Goldman Sachs thinks Australia’s triple-A credit rating is at risk, and warns the effects would be felt in the wider economy.
The investment bank believes the rating is likely placed on “watch negative” by ratings agency Standard and Poor’s within months, something that would raise the possibility of an eventual ratings downgrade.
In a note to clients, Goldman economists Tim Toohey and Andrew Boak say Australia faces the possibility of being downgraded for the first time in 26 years.
From the report:
“Australia’s poor fiscal performance scores poorly across S&P’s updated ratings methodology. Although Australia’s overall public debt burden remains favourable relative to its 11 other AAA-rated peers and contingent liabilities look manageable, significant external vulnerabilities persist and a mix of sharply lower commodity prices, weak growth and political impasse have resulted in an unprecedented degree of fiscal slippage over recent years”
Toohey and Boak warn, based on changes to S&P’s ratings methodology, that Australia’s AAA rating – at a minimum – could be placed on “negative outlook”.
If that eventuates it suggests a one-in-three chance that the actual credit rating could be cut by S&P at their next ratings review.
Being placed on “watch negative” is akin to a warning shot that a downgrade is coming. Unless actions are taken to address the concerns raised – if that’s indeed a possibility – it’s highly likely that there’ll be a downgrade.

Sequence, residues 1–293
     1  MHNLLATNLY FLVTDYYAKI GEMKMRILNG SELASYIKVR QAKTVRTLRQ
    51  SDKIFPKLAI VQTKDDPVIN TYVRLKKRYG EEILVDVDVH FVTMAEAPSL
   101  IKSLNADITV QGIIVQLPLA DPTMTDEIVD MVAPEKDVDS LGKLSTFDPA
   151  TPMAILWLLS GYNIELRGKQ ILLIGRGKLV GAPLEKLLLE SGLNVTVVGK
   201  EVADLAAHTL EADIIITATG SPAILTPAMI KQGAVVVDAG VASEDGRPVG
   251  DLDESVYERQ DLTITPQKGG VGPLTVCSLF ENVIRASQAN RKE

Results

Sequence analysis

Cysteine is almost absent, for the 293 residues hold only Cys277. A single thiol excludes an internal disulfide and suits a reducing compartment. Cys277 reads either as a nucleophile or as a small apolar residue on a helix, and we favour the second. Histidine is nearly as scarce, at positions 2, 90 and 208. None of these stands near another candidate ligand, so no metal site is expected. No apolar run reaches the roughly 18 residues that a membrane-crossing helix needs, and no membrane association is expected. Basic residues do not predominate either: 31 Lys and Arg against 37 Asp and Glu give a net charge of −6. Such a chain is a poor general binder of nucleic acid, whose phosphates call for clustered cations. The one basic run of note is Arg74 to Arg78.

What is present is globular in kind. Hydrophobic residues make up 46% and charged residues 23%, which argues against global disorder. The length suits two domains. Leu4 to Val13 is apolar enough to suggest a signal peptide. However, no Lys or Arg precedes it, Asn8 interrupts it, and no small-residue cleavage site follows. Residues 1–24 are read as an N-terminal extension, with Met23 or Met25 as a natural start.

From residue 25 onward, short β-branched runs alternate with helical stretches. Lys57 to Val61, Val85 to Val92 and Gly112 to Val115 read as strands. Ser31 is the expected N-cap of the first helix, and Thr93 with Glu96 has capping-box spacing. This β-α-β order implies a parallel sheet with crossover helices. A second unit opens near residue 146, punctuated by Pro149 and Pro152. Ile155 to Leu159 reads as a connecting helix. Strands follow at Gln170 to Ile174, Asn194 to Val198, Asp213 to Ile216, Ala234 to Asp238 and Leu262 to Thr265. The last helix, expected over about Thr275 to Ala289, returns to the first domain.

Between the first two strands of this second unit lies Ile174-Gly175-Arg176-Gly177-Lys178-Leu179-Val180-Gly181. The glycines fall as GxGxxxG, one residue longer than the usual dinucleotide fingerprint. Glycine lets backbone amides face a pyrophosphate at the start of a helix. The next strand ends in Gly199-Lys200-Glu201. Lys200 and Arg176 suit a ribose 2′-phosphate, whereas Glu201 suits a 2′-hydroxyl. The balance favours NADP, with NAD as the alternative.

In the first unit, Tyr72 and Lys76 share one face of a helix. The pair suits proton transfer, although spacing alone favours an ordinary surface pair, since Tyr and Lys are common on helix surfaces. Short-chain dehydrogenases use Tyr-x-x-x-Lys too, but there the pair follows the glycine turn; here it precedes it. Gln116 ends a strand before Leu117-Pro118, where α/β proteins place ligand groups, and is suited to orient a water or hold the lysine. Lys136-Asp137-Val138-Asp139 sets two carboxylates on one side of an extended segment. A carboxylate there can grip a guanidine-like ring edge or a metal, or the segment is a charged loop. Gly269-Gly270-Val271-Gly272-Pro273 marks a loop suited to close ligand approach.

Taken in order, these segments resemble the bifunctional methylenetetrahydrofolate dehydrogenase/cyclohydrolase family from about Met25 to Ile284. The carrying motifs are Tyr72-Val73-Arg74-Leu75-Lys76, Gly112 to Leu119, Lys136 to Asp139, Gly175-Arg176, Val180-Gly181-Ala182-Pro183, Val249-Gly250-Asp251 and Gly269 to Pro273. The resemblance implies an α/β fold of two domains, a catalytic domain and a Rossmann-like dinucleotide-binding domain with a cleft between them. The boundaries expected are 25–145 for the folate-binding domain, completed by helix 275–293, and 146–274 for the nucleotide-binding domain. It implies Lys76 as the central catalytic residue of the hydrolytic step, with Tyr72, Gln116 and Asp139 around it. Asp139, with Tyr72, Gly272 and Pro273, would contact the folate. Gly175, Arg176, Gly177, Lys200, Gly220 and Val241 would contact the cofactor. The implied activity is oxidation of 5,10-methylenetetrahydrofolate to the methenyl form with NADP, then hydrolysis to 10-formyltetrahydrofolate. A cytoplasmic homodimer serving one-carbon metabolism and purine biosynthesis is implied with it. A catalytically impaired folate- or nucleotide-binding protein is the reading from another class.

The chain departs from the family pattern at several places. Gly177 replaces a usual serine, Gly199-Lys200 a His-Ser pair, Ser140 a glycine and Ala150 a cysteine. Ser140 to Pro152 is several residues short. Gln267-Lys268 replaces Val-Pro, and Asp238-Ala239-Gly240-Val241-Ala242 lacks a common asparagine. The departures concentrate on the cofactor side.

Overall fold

That would have some important ramifications if it were to occur – not only for the government but also Australia’s largest banks along with the household and business sectors.
Toohey and Boak suggest that such a downgrade “would likely result in a similar sized downgrade to the Australian banks” which “might increase the cost of term wholesale funding by 5-15 basis points”.
While only a small a part of most bank’s funding mix – Goldman’s suggests that it’s currently around 13% – that has the potential to see borrowing costs for Australian households and businesses increase as a result.
If that’s not enough to dent the confidence of households and businesses they also believe “such an event would risk strengthening the negative feedback loop which is already hindering a pick-up in spending and borrowing – thereby further diluting the transmission mechanism of monetary policy”.
That is – investor caution will increase – stifling the efforts of the RBA to stimulate non-mining sectors through the use of lower interest rates.
That’s not good news for an economy currently trying to rebalance away from mining investment to increased construction and consumption.
While Toohey and Boak suggest that “it is now possible to create a feasible scenario where Australia forfeits the highest possible sovereign rating for the first time in more than a decade”, the do place one caveat on their analysis: It “excludes the ability of the Government to take corrective action to avert a downgrade.”
That suggests there are still actions available to the government to prevent it from occurring.
The picture will be a whole lot clearer after the federal budget on May 12.
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